By Andy Constable
A couple of weeks ago, I blogged that worship isn’t simply a Sunday activity while we sing songs but involves our heart attitude in all of life (see: http://niddriepastor.com/2012/04/06/dont-just-sing-about-it-start-worshipping-god-today-everyday/) The question that necessarily flows from this conclusion is – what is the point of meeting on a Sunday? If worship is an activity that happens in all of life then why do we need to meet corporately on a Sunday to worship God? Does anything particularly different happen on a Sunday compared to the rest of the week? Is there any point?
I want to argue that our corporate worship is distinct from, and supportive of, the worship of Christians in all of life. It is distinct because it is time when we gather together and hear God’s Word preached to us in a special way. And it also supports our worship because it is a time when we remind ourselves of God’s truth, receive correction and see the beauty of who God is corporately so that we can then go and worship him with all of life. I want to argue that there are 2 particular reasons why its important to meet corporately on a Sunday.
Firstly Sunday is important for edification. 1 Corinthians 14:26: “What then, brothers? When you come together, everyone has a hymn, a word of instruction, a revelation, a tongue, or an interpretation. All of these must be done for the strengthening of the church..” The word strengthening here is from the Greek work oikodome and means “edifying, edification, building up.” Paul instructs the Corinthians that the Lord’s people need strengthening when they meet together.
The writer to the Hebrews backs this verse up in 10:24-25: “And let us consider how to stir up one another to love and good works, not neglecting to meet together, as is the habit of some, but encouraging one another, and all the more as you see the Day drawing near.” The writer to the Hebrews commands the church to meet together regularly to encourage and stir one another up. The Sunday is therefore supportive of our worship during the week. The meeting up on a Sunday is to be used to instruct people in God’s word and strengthen them towards glorifying God all the more. In more modern, emotional centred churches the strengthening of God’s people is cast to the side. They say that the primary reason we meet is to “meet with God”. But Paul is very clear that the reason we meet together is to be built up for service. Teaching God’s Word correctly and simply must be an emphasis of our Sunday services.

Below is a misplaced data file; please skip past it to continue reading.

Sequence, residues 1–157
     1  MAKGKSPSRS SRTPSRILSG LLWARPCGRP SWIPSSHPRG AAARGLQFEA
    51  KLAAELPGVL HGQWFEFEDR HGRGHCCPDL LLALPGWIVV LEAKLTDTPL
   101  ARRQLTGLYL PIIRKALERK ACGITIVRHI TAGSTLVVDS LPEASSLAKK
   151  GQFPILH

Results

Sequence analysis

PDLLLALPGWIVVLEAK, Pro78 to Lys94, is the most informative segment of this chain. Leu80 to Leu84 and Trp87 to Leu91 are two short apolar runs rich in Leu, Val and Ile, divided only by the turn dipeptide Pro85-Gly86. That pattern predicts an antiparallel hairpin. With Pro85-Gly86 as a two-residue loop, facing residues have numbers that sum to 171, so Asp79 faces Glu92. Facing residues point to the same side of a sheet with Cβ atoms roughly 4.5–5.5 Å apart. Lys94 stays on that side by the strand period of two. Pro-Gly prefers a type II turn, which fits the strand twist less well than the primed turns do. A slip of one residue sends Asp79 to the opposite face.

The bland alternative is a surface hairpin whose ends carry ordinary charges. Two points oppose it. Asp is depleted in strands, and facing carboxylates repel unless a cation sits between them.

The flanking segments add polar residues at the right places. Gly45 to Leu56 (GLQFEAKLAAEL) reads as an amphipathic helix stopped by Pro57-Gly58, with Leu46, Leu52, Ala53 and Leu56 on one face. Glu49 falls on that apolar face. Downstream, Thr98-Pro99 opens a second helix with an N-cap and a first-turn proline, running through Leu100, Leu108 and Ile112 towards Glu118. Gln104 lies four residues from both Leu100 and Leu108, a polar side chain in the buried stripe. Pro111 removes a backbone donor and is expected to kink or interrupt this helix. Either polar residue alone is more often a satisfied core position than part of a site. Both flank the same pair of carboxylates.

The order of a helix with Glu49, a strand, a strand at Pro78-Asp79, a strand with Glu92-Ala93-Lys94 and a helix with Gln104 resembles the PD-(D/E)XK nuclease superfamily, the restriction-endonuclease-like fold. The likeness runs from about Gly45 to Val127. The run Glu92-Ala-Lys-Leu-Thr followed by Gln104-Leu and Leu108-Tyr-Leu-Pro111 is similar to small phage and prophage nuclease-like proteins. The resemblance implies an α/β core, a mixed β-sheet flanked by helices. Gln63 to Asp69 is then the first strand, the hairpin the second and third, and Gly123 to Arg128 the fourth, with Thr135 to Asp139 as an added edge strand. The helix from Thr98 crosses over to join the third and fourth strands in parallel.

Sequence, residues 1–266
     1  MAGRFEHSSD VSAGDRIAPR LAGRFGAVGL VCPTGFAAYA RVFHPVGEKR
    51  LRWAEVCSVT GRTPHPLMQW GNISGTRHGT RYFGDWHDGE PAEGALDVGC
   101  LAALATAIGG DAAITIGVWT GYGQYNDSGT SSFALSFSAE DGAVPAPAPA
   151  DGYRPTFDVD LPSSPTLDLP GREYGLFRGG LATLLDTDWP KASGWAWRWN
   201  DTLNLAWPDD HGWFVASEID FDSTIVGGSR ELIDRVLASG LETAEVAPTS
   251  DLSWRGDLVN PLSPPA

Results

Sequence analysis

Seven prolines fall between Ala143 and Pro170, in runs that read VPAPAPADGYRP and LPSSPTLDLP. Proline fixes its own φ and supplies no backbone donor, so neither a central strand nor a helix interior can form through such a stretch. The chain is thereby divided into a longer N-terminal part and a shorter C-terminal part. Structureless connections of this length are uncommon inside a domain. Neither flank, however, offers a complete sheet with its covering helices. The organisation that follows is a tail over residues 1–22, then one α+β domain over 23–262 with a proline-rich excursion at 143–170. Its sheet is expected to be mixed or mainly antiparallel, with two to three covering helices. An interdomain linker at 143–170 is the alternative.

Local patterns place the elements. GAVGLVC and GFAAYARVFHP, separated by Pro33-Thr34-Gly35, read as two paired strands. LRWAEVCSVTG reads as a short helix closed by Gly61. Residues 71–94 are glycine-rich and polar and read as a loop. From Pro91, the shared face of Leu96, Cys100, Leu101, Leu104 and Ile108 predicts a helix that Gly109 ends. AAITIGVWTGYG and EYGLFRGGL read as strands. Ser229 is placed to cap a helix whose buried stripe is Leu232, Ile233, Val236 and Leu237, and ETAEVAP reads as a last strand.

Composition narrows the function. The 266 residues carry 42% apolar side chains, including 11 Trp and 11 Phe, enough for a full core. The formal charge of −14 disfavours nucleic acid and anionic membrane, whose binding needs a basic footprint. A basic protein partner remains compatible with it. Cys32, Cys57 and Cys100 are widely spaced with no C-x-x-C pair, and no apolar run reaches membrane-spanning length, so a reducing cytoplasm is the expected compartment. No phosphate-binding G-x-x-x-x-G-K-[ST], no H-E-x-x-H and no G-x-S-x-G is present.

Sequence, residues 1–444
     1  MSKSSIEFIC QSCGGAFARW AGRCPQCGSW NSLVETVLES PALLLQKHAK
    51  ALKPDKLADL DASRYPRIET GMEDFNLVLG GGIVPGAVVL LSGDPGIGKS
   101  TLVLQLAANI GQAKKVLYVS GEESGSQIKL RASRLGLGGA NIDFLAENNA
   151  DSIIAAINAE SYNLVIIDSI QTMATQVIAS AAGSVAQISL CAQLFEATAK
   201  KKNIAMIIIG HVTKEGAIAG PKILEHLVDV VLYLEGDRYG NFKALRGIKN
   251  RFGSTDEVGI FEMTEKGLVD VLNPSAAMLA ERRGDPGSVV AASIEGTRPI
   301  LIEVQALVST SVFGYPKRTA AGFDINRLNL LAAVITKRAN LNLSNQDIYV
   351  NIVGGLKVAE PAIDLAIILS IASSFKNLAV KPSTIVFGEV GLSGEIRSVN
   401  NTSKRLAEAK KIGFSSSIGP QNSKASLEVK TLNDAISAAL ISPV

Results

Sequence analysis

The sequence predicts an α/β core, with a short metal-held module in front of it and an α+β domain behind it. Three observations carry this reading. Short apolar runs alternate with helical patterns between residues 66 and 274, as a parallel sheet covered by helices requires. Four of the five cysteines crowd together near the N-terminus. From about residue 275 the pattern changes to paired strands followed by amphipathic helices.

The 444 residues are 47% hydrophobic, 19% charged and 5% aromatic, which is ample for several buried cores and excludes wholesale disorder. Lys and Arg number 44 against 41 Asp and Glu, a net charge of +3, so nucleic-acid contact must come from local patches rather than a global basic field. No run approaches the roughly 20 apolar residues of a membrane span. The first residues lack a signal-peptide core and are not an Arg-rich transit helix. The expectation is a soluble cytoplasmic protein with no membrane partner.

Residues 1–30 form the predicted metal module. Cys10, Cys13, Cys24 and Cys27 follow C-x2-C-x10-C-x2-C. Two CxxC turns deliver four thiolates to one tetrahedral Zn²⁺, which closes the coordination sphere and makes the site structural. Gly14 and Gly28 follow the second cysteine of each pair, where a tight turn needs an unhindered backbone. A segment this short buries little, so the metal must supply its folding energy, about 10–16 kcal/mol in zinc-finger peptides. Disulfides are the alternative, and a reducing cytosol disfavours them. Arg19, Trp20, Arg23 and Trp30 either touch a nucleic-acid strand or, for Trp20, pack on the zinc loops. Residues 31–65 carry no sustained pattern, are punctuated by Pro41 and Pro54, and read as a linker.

However many churches would stop there. They would say that edification is the only reason we meet up. I would argue that there is a second reason to meet on a Sunday. The second reason we meet on a Sunday is to meet with God. Worship, as Carson writes: “is ascribing all honour and worth to…God because he is worthy, delightfully so.” We are therefore only truly worshipping God with our entire beings, including our hearts, when we are ‘affected’ by God’s glory because we see his worth. As Tim Keller writes worship is “obedient action motivated by the beauty of who God is in himself.” The second purpose of meeting on a Sunday then is to see the worth of God in all his fullness.
We see this in the Bible time and again. David writes this in Psalm 41:16: “But may all who seek you rejoice and be glad in you; may those who love your salvation always say, The LORD be exalted!” The Psalmist says those who follow the Lord are to rejoice, be glad and love the salvation of the Lord and result is that we want the Lord to be exalted. If our services are simply geared towards edification and our heads then we miss out the rejoicing in and being glad in and loving the Lord, which is geared towards our affections.
This is what the reformer Calvin believed deeply. Calvin believed that the goal of gathered worship was to bring people face to face with God. Calvin’s aim was not that people would simply learn information about God, but that they would truly hear God speak and know his presence in the service. Jonathon Edwards argued along the same lines when he said that worship had not occurred unless our “hearts are affected, and our love captivated by the free grace of God” and when “the great, spiritual, mysterious, and invisible things of the gospel…have the weight and power of real things in their hearts.” Thus, the goal of gathered worship is to make God “spiritually real” to our hearts. That is where truths by the Spirit’s influence become fiery, powerful, and profoundly affecting. It is not enough to be told about grace. But you need to be amazed by it.
The goal of Sundays is edification and meeting with God. Our heads and hearts are to be instructed and affected by the beauty and truth of God. This is what we want to see in Niddrie! A church that meets on a Sunday to support our worship during the week and that instructs our minds and affects the heart. We want to be set on fire by the fame of God’s name and his renown. Please pray for us as leaders that we would prayerfully apply the gospel and allow the Spirit to do his work in the life of the church!